Ralph makes an excellent point... from JonMac  7/31/2012 8:15:51 PM
 Fishing New England natural lakes means shallow and deep vegetation for me (preferably deep). Over the years I've found that triggering the reaction bite by intentionally letting a bait settle into the weeds and suddenly "ripping" it up and out is most often far more effective than what would seem to be the more natural "swim through" presentation. Great with jigs and spinnerbaits...can also be really productive with lipless cranks.


Tight Lines!! <><


   +1 on JonMac from Harumph #11038 #11038  8/2/2012 9:57:34 AM
 Triggering strikes can be a big key.


When I am fishing grass with a wacky-rigged trickworm I tend to throw it with an exposed hook.


Getting it caught in the grass and snatching it clear of the snag triggers a lot of strike I don't think I would otherwise get.


   run your motor through it?????????? from 1sg  8/3/2012 12:16:46 PM
 I had seen guys in the past do this and come back later and fish the open areas that hey had cut up.


I just read an article on BASS that mentioned doing the same thing.Artivle said it dislodges bait and the bream move in to feed and the bass follow.


Has anyone tried to cut up a mat and then fish it? Does it work?


   I have never done it purposely but from Harumph #11038 #11038  8/3/2012 1:29:55 PM
 Last year in a club tournament I had a buddy fishing an extended point right next to the entrance of a narrow cut.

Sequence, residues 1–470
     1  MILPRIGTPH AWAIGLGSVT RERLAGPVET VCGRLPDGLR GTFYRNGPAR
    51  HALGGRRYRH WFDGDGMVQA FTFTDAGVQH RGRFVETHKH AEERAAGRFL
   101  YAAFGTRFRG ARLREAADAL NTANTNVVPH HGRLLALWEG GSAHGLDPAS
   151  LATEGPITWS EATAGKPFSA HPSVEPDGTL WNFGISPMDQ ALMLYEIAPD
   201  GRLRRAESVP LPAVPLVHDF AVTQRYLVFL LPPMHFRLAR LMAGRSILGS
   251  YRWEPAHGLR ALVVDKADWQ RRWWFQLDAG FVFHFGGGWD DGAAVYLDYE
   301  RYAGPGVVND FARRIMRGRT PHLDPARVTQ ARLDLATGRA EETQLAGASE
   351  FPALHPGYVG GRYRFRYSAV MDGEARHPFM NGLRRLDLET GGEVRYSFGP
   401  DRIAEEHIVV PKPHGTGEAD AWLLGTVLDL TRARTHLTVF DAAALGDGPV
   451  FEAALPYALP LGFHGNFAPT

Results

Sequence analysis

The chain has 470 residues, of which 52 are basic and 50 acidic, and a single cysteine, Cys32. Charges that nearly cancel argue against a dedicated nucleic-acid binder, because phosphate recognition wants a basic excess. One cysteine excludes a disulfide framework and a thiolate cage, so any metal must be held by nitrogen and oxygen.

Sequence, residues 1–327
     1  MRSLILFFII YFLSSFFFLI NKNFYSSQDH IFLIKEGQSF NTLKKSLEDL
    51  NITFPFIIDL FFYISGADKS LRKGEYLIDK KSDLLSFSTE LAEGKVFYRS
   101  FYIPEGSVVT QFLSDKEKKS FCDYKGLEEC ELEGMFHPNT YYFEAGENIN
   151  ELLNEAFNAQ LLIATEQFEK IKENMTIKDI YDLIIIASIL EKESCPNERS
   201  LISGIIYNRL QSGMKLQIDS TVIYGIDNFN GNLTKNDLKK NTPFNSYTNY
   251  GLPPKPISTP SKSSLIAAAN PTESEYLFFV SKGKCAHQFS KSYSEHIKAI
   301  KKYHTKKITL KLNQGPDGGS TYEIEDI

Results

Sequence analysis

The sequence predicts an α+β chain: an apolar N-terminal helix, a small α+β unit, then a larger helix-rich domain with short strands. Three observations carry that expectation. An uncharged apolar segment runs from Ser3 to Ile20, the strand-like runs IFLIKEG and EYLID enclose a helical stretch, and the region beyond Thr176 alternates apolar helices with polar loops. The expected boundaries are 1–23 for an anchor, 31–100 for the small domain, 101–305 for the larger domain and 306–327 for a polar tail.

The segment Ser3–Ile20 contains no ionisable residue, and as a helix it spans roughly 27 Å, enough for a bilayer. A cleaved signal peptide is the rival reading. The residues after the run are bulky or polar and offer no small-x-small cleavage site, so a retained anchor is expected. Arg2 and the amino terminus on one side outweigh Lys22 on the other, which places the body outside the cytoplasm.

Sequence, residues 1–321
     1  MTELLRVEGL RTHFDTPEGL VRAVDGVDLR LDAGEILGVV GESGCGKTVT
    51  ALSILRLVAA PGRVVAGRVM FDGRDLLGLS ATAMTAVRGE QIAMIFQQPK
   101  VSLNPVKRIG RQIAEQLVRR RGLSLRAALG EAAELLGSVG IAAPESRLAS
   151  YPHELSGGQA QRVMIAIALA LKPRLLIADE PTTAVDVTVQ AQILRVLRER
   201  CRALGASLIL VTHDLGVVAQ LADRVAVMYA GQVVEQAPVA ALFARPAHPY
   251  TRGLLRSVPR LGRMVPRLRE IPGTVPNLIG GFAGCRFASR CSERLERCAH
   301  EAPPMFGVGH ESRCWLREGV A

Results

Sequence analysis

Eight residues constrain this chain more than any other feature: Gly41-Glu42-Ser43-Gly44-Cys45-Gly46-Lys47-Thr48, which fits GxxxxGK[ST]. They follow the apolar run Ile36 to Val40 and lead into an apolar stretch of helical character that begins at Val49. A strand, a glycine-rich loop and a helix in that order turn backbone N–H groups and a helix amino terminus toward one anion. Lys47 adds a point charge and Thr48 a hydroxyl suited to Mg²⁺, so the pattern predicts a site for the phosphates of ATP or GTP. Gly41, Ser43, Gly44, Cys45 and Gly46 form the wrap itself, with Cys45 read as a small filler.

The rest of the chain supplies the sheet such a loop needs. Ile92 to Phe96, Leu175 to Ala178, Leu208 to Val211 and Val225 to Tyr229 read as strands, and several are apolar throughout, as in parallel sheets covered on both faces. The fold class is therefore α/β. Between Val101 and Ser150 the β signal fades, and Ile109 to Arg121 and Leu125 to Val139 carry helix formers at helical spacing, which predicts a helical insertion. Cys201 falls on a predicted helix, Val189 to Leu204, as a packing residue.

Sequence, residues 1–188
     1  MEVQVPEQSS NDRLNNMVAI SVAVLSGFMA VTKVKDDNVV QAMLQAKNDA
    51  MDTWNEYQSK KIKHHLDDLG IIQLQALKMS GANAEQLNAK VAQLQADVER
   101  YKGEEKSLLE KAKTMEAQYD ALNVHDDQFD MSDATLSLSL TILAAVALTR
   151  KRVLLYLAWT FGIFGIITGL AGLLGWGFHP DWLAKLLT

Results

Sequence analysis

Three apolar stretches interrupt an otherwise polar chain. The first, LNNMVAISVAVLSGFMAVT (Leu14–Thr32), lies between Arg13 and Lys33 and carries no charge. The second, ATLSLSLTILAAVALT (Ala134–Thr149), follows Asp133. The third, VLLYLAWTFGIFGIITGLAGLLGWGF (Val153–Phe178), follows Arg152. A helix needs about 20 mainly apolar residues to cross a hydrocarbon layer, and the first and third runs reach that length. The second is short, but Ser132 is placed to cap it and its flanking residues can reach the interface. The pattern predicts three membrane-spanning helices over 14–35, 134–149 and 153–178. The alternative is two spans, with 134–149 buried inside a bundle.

I asked him if he minded if I idled through.


He said no problem.


He was a good 50yrds off the bank. I cut about 1/2 between him and the bank.


Didn't realize how shallow that flat was. Hit the bottom with the skeg, had to trip the motor up and struggle to get the 40 yards or so to the opening of the cut.


After the tournament I talked to him and apologized for making all the commotion.


He said he had been dragging plastics all over that point for over an hour without a single bite.


5 minutes after I went through there he started catching fish and limited in about 20 minutes.


Has to be something to it.


   There IS something to it... from JohnMac  8/4/2012 12:57:20 AM
 It sounds like a 180 in light of the "be quiet" philosophy but I believe that "noise" on the water isn't always necessarily a bad thing. Bass (and all other underwater dwellers) are definitely "conditioned" to the "normal" noise inherent in the water in which they reside. They become wary of (conditioned to avoid) specific sounds that have proven to signal "not so good". In some lakes that could mean the vibes that an alligator gar gives off...but what of the fish who live in waters where there are no resident gars? Put a gar in that lake, ask him to make typical gar sounds and what will the bass do? Most likely swim in for a closer look at this new and "interesting" sound...as bass are curious critters by nature.


Sometimes a good diggin', dredgin', and shakin' up of the cove can turn fish on...but NOT always. The trick is the near impossibility of figurin' out when to hold and when to fold!


Tight Lines!! John <><